When Buying Pet Food, Watch Out for This Trick

town hall meeting

Story at-a-glance -

  • Big pet food seems increasingly desperate to “educate” and communicate with their customers — or at least that’s what they say
  • If the industry really wants to fight “fake news and misinformation” about their products, they could start by being candid in their labeling, packaging and marketing
  • The industry is also notorious for being unresponsive to consumer questions and complaints; their public response to recalls could also use some improvement
  • It’s important for pet parents to ignore the pretty packaging and magical marketing used by processed pet food companies; learn what’s in those products instead, and whether they’re the best nutrition for furry family members

By Dr. Karen Shaw Becker

During an event called a “Petfood Forum Town Hall” held recently (which despite its name didn’t include members of the public), pet food industry experts discussed “…the disconnect among various industry avenues, academia and consumers, and the need for more and better communication to mend that disconnect.”1

They seem to feel that “mending the disconnect” would allow them to educate consumers about their “valuable” pet food research. However, as you know if you visit here frequently, pet food industry research is self-funded and self-serving — studies are conducted not for the benefit of the pets they feed, but for the ultimate benefit of the industry’s bottom line.

If industry experts actually believe pet parents would think more highly of them and buy more of their products after seeing their studies, they may be in for a surprise.

Big Pet Food Creates Its Own ‘Fake News and Misinformation’

According to one of the town hall panelists, there’s a need for big pet food “ … to fight the fake news and misinformation,” and “… get the industry together and educate the consumer.” In my experience, processed pet food companies actually create much of the “fake news and misinformation” about their products through their marketing and advertising.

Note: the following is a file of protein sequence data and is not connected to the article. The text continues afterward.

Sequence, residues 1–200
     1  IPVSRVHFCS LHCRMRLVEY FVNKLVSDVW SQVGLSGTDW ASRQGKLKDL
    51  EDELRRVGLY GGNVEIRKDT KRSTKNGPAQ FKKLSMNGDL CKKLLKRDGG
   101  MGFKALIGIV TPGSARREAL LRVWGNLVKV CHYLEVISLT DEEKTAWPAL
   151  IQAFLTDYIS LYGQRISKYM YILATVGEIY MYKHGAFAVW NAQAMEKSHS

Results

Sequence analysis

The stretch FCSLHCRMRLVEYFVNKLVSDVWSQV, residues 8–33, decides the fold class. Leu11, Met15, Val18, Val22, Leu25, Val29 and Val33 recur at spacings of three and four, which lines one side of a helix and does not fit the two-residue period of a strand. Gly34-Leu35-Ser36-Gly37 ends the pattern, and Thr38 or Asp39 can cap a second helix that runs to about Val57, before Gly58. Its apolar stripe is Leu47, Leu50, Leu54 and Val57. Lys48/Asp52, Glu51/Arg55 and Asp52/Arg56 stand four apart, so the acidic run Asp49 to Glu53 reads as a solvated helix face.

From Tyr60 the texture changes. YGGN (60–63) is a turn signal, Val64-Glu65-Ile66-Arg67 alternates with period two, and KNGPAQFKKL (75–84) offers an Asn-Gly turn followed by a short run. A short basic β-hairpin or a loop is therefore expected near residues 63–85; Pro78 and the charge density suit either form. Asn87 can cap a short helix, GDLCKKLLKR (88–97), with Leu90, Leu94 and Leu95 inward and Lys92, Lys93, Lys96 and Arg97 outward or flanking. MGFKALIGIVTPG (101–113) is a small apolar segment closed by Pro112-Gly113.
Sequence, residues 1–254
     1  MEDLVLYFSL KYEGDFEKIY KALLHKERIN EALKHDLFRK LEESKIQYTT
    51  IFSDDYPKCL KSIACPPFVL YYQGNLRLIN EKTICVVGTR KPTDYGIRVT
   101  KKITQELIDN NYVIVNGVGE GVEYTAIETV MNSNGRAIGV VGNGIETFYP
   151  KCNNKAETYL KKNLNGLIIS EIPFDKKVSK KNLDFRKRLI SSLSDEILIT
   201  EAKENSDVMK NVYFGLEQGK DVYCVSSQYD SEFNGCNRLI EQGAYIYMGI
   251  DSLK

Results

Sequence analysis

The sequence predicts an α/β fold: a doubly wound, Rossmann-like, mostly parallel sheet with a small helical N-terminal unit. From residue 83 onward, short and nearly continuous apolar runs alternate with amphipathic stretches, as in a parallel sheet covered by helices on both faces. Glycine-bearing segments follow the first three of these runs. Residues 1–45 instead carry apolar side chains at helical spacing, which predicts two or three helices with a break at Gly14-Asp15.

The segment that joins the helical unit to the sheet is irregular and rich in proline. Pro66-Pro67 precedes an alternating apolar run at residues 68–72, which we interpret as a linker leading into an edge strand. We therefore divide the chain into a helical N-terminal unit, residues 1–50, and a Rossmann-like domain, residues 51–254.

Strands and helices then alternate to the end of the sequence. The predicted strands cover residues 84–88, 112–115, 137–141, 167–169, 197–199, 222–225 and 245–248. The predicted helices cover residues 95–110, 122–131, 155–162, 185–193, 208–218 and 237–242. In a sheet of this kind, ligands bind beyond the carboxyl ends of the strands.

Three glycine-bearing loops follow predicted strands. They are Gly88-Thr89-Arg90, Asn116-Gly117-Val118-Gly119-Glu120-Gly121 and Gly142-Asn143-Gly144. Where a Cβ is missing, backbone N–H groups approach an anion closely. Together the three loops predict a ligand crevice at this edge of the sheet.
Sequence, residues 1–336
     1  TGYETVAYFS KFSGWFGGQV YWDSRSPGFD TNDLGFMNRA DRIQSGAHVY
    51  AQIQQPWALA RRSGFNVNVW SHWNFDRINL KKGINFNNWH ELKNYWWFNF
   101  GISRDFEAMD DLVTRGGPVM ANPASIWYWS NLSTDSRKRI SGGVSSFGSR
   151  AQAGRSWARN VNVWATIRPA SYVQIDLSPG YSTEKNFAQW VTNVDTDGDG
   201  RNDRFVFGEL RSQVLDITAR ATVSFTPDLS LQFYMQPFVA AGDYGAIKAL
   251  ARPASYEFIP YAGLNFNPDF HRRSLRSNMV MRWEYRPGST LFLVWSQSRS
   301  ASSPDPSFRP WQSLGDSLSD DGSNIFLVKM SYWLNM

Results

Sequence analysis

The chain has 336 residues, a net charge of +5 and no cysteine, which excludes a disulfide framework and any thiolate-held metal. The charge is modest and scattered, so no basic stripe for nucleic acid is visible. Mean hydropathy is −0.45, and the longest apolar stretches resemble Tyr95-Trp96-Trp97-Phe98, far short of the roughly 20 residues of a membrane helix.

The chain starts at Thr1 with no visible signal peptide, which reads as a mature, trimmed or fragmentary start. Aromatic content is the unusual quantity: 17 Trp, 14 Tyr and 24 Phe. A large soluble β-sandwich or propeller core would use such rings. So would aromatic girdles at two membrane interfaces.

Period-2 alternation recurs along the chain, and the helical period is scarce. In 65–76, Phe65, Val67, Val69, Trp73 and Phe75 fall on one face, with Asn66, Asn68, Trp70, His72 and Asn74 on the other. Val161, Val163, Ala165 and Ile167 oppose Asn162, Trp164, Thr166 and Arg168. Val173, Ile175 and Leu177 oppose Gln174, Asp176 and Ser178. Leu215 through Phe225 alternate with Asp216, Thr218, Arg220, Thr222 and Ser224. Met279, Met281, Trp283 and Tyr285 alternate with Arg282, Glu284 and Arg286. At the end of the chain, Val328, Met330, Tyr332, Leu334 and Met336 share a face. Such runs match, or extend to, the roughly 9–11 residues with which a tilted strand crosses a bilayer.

One example is ingredient splitting2 — a bit of trickery used to make the ingredient label on a bag, can or pouch of food more appealing to pet parents. Let’s say we have a dog food that’s primarily made with corn and rice, which is quite common in low-quality, inexpensive brands.

Corn and rice are significantly less nutritious for dogs than meat (actually, they aren’t even in the same ballpark), making them inferior ingredients.

Before Splitting

Rank Ingredient Content (%)

1

Corn

30

2

Rice

20

3

Chicken meal

18

4

Etc.

5

Etc.

6

Etc.

7

Etc.

After Splitting

Rank Ingredient Content (%)

1

Chicken meal

18

2

Corn meal

15

3

Corn flour

15

4

Rice gluten

10

5

Rice bran.

10

6

Etc.

7

Etc.

Look at the ingredients in this dog food “Before Splitting.” It’s quite clear corn is the predominant ingredient, followed by rice. Chicken meal, presumably made from chicken meat and other chicken pieces and parts, which is what many pet parents look for at the top of the list, comes in third.